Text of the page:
Mrs. Obama may have chosen to focus on her charity work and on political education instead of seeking a career in party politics after she and her husband had left the White House (and who could possibly blame her?), but I am very glad she also decided to give us her deeply personal perspective on her own and Barack Obama’s path all the way to the end of 2016. It’s a spirited narrative that manages to build an immediate connection with the reader, and which made me regret the end of the Obama presidency even more than I had done before. I can only hope the Obamas are going to continue to seek and find ways to make their mark on the political discourse, in America and beyond — not only Barack but also Michelle Obama, who in her own right is clearly at least as important a voice as her husband.
Michelle Obama: Becoming
Phew! I’ve had blog display issues for the better part of August due to a stupid WP plugin acting up (and of course, it was a plugin allegedly intended to “facilitate” the import of content into my chosen theme — haha, right), but luckily they were resolved just in time for Halloween Bingo! (Gosh … […]Read More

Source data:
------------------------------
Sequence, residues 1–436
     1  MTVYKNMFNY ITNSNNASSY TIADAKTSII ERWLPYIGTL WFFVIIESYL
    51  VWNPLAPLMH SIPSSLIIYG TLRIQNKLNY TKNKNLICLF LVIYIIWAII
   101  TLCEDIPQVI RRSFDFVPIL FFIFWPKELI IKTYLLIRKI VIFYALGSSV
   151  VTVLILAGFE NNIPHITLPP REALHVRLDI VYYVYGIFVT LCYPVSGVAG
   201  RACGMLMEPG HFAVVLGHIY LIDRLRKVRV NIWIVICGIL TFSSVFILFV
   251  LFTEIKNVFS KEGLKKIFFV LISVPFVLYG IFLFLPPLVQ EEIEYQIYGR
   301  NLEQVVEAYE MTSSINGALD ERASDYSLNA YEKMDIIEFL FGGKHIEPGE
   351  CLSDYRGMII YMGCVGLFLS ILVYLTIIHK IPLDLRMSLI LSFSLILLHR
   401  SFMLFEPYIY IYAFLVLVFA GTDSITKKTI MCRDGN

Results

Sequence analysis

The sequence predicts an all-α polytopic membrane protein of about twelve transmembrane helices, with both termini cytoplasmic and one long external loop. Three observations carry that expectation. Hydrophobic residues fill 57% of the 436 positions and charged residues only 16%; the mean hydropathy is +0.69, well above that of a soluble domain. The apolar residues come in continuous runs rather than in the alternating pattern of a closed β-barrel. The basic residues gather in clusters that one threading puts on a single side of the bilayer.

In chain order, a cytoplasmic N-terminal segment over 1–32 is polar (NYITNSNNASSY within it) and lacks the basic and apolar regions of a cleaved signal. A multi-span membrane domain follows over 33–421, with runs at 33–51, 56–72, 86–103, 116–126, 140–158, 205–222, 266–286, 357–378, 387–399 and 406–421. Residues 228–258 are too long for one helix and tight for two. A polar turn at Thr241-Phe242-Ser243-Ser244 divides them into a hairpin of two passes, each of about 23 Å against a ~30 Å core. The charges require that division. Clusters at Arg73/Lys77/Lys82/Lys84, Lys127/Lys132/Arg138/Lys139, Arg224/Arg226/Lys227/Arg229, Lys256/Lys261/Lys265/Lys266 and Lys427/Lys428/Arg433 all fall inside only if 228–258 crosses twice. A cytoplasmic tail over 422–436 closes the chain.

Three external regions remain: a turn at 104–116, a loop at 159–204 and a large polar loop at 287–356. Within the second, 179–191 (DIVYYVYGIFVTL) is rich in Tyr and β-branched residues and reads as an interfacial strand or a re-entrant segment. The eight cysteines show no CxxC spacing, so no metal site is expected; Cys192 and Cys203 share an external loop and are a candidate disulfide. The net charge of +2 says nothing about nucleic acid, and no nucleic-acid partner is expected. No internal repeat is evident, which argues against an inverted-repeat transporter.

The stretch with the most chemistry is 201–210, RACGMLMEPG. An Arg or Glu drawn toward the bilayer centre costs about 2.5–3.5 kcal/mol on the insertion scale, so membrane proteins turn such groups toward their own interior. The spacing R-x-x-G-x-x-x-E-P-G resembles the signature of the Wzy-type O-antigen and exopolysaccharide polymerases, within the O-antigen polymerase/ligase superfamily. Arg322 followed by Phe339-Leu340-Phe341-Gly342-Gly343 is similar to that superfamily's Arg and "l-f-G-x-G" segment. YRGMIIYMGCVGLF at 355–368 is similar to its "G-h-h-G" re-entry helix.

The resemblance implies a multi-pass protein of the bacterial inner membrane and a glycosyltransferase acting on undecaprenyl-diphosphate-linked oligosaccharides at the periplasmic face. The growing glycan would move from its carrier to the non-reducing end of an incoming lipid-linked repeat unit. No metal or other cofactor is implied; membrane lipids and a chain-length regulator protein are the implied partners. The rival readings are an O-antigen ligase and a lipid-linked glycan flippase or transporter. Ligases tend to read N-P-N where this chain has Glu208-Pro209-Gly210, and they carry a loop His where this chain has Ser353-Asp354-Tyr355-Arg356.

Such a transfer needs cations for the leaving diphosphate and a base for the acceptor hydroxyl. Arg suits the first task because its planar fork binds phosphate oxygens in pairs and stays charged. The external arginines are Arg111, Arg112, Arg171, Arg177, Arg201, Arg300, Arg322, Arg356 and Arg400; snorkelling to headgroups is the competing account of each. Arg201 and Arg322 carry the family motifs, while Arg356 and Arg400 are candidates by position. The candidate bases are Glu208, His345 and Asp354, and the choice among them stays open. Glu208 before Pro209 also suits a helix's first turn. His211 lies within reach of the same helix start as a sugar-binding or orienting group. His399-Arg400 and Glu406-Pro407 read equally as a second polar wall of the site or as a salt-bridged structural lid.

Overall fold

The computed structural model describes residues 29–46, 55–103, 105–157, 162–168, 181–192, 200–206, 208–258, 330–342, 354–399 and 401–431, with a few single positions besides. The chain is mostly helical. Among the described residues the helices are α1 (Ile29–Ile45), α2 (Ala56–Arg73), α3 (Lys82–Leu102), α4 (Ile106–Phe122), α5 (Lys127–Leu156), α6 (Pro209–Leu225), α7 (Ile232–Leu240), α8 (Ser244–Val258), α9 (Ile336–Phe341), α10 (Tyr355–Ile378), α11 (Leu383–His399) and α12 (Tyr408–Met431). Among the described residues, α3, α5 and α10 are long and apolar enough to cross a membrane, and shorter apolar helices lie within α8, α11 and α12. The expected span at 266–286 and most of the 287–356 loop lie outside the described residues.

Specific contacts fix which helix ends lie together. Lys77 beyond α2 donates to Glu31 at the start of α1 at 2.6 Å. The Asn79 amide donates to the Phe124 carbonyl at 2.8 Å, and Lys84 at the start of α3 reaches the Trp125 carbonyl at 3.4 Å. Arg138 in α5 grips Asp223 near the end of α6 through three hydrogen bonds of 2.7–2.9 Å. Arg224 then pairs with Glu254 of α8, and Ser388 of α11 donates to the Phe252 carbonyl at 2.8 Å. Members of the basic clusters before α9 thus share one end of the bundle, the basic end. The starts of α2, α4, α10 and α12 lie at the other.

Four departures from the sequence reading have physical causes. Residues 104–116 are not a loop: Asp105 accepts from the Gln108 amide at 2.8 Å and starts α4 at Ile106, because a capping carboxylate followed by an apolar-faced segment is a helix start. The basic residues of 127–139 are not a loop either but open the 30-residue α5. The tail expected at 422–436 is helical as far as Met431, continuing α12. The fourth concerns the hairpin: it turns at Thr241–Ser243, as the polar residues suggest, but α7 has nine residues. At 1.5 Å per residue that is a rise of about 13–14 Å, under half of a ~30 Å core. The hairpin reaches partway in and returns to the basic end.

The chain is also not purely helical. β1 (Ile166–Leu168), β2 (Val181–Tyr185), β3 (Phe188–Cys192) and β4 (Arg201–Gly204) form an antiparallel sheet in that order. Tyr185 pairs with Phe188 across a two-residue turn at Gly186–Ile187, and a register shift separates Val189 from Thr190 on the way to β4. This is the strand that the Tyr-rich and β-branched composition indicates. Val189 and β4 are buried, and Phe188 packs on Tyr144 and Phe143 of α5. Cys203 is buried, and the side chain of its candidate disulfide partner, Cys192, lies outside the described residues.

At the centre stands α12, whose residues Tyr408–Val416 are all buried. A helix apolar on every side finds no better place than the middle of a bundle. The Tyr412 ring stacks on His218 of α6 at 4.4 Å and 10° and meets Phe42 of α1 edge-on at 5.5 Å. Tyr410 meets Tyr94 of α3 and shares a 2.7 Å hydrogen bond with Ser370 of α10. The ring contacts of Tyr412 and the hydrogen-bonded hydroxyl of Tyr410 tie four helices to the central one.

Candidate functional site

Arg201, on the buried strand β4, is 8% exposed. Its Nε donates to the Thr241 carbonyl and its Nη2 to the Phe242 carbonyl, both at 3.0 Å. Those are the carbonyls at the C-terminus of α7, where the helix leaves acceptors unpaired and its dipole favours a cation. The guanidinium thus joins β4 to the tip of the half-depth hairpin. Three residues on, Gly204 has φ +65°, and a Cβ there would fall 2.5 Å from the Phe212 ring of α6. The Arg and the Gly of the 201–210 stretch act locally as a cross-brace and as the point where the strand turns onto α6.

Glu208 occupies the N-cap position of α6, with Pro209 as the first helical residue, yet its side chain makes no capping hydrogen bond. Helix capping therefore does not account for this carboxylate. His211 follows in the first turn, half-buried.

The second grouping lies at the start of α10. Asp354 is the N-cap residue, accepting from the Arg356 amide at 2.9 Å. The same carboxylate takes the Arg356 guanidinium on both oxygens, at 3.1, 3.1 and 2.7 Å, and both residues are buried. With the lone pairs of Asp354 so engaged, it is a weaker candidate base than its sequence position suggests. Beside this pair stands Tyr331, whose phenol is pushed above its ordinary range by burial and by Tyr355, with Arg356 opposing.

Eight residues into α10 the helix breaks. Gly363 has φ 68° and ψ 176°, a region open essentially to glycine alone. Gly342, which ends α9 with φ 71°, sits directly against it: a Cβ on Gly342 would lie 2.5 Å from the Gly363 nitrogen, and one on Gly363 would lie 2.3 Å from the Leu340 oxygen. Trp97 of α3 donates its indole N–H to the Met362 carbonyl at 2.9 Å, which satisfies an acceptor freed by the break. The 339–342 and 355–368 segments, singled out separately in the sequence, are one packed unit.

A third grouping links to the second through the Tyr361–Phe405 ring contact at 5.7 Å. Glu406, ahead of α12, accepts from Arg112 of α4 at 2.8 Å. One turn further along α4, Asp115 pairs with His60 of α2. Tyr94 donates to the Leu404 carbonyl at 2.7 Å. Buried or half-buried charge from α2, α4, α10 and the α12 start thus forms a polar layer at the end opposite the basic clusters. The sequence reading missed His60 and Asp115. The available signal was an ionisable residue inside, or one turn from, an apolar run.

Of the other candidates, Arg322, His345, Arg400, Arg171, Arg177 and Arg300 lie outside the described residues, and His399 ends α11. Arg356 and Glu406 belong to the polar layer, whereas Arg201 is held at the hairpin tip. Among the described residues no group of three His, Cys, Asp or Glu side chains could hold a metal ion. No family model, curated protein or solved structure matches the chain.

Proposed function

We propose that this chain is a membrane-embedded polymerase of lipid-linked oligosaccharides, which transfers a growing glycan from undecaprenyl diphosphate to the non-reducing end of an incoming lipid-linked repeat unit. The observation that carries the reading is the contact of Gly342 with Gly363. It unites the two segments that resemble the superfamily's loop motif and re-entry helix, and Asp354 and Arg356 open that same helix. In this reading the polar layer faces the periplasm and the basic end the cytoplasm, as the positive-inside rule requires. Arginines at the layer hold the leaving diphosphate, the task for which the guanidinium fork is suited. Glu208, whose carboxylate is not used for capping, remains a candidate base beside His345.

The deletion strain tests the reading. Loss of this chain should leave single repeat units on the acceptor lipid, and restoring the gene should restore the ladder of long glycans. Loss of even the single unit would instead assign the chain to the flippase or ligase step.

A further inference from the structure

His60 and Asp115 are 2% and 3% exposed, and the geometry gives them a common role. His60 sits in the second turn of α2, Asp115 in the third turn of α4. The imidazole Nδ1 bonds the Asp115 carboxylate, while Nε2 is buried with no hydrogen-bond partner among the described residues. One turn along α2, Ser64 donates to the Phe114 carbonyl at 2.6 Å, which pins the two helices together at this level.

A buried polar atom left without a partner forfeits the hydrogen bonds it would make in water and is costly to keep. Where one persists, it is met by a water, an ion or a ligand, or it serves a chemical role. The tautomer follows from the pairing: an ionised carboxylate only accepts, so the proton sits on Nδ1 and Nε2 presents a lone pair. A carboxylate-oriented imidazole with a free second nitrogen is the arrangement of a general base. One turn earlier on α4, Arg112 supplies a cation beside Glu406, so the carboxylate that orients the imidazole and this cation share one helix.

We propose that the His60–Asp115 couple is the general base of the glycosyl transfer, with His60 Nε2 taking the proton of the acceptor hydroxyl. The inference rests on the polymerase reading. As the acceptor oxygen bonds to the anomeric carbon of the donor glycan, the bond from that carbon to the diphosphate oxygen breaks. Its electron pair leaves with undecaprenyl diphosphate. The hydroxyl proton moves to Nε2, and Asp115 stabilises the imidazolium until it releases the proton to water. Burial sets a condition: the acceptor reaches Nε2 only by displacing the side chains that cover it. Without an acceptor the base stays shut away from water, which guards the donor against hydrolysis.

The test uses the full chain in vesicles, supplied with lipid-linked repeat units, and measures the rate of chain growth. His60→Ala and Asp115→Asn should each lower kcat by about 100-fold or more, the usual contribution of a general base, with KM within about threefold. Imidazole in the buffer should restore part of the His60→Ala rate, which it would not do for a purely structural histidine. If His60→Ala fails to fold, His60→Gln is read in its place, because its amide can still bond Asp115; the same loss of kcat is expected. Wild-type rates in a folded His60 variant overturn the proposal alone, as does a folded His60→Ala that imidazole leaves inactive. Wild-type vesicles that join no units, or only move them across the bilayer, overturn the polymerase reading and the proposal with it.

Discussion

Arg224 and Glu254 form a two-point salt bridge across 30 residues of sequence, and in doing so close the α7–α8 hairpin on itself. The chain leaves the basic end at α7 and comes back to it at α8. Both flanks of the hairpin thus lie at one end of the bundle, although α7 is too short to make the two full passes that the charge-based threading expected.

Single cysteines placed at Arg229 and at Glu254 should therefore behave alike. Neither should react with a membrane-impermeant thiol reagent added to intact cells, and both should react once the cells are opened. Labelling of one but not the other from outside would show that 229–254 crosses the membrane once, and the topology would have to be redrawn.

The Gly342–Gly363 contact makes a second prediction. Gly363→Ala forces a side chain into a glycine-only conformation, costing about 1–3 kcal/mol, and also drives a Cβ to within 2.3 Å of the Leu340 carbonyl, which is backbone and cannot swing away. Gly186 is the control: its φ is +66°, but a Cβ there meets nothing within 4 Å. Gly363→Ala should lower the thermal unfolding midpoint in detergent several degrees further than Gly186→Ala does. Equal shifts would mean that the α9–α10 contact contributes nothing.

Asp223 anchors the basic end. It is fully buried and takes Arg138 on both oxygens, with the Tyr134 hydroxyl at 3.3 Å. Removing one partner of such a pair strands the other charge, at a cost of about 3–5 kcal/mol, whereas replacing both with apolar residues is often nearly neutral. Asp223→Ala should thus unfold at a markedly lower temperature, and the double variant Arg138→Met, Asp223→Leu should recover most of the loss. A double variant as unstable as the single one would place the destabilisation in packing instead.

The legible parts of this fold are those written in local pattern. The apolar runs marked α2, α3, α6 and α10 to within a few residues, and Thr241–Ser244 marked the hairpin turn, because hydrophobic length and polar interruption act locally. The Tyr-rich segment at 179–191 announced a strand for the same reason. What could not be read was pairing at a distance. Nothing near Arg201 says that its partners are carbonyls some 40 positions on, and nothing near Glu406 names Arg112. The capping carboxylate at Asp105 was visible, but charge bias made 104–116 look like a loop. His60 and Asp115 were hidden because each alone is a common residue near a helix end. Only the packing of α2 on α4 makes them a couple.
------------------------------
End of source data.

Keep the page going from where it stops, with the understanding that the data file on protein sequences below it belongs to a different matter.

Sigh. Well, I think posting a monthly (and even half-year) reading recap a full three weeks into the next month has to be some sort of record, even for me, but here we are. And I admit that at this point I’d even been contemplating holding off another week so as to combine this with […]Read More
Dorothy L. Sayers is occasionally accused of having gotten too caught up in her research for a given book; and the two mysteries that routinely come up in this context are The Nine Tailors (bell ringing, published in 1934) and, well, The Five Red Herrings (1931), which, although chiefly concerned with fishing and painting, also […]Read More